Leaving aside form III we come to non-sacramental penance services. These aspects of the rite are just about totally ignored. First a definition:
36. Penitential services are gatherings of the people of God to hear God’s word as an invitation to conversion and renewal of life and as the message of our liberation from sin through Christ’s death and resurrection. The structure of these services is the same as that usually followed in celebrations of the word of God [See SCR, Instr. Inter0ec, 26 Sept. 1964, nos. 37-39.] and given in the Rite for Reconciliation of Several Penitents.
These liturgies are intended as communal services of the Word. The framers of the rite saw that non-Biblical readings may have a place, but not within the corpus of the Scripture proclaimed:
It is appropriate, therefore, that after the introductory rites (song, greeting, and opening prayer) one or more biblical readings be chosen with songs, psalms, or periods of silence inserted between them. In the homily these readings should be explained and applied to the congregation. Before or after the readings from Scripture, readings from the Fathers or other writers may also be selected that will help the community and each person to a true awareness of sin and heartfelt sorrow, in other words, to bring about conversion of life.
Do these services seem rather like Communion services outside of Mass? That include the elements of communal celebrations of form II or III:
After the homily and reflection on God’s word, it is desirable that the congregation, united in voice and spirit, pray together in a litany or in some other way suited to general participation. At the end the Lord’s Prayer is said, asking God our Father “to forgive us our sins as we forgive those who sin against us . . . and deliver us from evil.” The priest or the minister who presides concludes with a prayer and the dismissal of the people.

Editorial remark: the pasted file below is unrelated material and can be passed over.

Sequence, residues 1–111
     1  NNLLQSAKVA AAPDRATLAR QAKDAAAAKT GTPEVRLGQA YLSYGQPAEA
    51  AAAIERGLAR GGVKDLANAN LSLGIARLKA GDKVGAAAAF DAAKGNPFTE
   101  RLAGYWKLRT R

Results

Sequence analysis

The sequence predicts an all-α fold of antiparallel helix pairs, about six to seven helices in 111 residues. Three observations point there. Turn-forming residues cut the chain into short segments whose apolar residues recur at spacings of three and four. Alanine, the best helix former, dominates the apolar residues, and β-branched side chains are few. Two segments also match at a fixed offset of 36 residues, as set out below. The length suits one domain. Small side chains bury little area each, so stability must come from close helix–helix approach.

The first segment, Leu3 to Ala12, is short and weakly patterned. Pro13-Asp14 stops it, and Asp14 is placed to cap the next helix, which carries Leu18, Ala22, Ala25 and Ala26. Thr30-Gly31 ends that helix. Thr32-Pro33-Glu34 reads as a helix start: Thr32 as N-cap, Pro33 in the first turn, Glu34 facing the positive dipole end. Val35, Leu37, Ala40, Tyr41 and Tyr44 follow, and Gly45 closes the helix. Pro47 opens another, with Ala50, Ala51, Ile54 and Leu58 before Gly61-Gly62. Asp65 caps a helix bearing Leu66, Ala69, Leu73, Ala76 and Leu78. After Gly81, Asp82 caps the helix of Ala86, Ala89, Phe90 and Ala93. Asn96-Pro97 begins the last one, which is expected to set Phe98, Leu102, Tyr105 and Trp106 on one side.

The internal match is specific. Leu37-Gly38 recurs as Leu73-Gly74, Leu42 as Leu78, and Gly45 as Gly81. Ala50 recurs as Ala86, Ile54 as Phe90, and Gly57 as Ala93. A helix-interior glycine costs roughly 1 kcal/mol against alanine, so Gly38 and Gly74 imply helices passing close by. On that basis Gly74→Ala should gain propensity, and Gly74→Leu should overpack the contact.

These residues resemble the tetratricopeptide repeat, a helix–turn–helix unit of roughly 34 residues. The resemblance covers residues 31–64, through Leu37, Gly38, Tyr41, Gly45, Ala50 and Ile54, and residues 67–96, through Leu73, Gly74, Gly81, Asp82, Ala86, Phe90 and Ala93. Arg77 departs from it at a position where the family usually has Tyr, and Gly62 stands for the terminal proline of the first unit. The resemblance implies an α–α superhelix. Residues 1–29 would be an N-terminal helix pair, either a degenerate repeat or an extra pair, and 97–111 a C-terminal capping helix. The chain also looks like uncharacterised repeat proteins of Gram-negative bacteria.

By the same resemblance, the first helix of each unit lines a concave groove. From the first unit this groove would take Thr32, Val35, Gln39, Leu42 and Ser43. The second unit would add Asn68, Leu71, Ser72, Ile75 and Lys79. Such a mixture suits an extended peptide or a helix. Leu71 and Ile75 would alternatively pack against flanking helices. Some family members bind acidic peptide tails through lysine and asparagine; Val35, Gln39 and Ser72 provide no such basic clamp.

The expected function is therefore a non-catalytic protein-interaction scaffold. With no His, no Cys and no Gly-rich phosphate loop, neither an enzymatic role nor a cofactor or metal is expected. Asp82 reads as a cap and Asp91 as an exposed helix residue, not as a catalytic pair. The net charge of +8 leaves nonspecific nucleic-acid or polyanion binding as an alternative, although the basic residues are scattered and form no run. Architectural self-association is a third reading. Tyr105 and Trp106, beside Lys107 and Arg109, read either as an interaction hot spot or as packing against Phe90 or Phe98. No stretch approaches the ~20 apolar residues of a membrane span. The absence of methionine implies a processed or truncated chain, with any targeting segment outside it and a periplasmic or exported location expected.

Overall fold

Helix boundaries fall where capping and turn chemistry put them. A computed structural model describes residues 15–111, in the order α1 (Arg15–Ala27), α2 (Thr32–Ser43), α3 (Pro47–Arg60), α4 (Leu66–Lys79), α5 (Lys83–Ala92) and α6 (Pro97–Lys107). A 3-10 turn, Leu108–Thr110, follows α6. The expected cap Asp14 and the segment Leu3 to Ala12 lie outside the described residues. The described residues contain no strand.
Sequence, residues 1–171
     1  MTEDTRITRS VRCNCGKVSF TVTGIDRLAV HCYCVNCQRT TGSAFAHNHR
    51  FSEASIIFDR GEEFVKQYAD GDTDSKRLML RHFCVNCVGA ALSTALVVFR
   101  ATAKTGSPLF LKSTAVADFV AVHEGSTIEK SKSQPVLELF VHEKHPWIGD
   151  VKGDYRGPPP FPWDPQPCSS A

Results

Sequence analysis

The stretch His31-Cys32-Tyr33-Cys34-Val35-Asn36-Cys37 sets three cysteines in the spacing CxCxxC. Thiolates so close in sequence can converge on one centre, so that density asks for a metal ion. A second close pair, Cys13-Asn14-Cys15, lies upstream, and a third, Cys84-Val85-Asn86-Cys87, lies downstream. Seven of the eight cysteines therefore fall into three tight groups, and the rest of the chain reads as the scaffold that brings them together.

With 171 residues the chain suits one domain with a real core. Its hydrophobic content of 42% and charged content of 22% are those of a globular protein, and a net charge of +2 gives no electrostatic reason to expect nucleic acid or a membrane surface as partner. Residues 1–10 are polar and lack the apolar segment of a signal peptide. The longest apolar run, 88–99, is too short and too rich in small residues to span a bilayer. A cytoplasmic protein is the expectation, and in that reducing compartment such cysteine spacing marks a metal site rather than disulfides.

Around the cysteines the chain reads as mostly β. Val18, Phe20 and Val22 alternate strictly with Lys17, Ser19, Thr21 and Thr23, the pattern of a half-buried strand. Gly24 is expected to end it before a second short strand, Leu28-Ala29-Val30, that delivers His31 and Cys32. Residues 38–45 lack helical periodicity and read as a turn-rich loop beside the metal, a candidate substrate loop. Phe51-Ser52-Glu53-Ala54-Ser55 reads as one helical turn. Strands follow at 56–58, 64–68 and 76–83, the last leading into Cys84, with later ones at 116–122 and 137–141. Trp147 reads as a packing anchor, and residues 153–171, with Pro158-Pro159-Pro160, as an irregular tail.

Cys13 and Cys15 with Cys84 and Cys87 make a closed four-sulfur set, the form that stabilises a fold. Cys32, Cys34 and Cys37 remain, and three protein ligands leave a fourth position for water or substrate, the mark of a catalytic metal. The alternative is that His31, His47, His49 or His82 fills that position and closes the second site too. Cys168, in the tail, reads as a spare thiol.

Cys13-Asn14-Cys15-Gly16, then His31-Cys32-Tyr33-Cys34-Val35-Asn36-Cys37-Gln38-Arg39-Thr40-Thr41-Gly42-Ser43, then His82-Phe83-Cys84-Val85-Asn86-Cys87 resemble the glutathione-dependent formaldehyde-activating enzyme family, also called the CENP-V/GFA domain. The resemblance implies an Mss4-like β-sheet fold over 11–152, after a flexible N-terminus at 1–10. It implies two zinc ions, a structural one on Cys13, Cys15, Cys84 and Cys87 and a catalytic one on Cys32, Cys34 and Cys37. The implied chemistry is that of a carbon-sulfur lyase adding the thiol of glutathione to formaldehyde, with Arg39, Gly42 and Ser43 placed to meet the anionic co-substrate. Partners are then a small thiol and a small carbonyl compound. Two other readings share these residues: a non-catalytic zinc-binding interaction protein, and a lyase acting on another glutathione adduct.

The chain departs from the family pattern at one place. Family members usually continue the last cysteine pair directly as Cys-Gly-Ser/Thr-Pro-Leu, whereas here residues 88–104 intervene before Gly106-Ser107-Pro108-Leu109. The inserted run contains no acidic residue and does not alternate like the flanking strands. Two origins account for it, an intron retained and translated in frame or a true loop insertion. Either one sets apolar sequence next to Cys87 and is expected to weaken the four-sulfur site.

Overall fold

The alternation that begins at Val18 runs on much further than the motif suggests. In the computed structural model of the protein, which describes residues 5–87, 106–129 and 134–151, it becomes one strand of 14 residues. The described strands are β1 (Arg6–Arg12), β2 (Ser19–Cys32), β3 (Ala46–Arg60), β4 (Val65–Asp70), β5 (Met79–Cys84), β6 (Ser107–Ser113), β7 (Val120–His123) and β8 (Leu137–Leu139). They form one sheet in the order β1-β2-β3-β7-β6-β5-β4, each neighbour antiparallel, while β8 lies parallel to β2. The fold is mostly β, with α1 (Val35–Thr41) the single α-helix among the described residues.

I’m curious as to the intent of the framers of these penitential services: what purpose would they serve? I could see it celebrated for a catechumenate in advance of Lent. Possibly for children, though given the early age at which we hear confessions, I can hear clergy objections before I finish typing the sentence. Possibly to develop a sense of sin in the laity. As it happens, all of those reasons are given in section #37:
37. Care must be taken to ensure that the faithful do not confuse these celebrations with the celebration of the sacrament of penance. [See SCDF, Pastoral Norms for General Absolution, Norm X.] Penitential services are very helpful in promoting conversion of life and purification of heart. [See SCDF, Pastoral Norms for General Absolution, Norm X.]
It is desirable to arrange them especially for these purposes:
a. to foster the spirit of penance within the Christian community;
b. to help the faithful to prepare for individual confession that can be made later at a convenient time;
c. to help children gradually to form their conscience about sin in human life and about freedom from sin through Christ;
d. to help catechumens during their conversion.
Penitential services, moreover, are very useful in places where no priest is available to give sacramental absolution. They offer help in reaching that perfect contrition that comes from charity and that enables the faithful to receive God’s grace through a desire for the sacrament of penance in the future. [See Council of Trent, sess. 14, De sacramento Paenitentiae cap. 5: Denz-Schon 1677.]
Lay presidency is foreseen in these services where no priest is regularly present in the community. I’m not aware of American priestless parishes taking time for this. Perhaps some readers have some insights or experiences.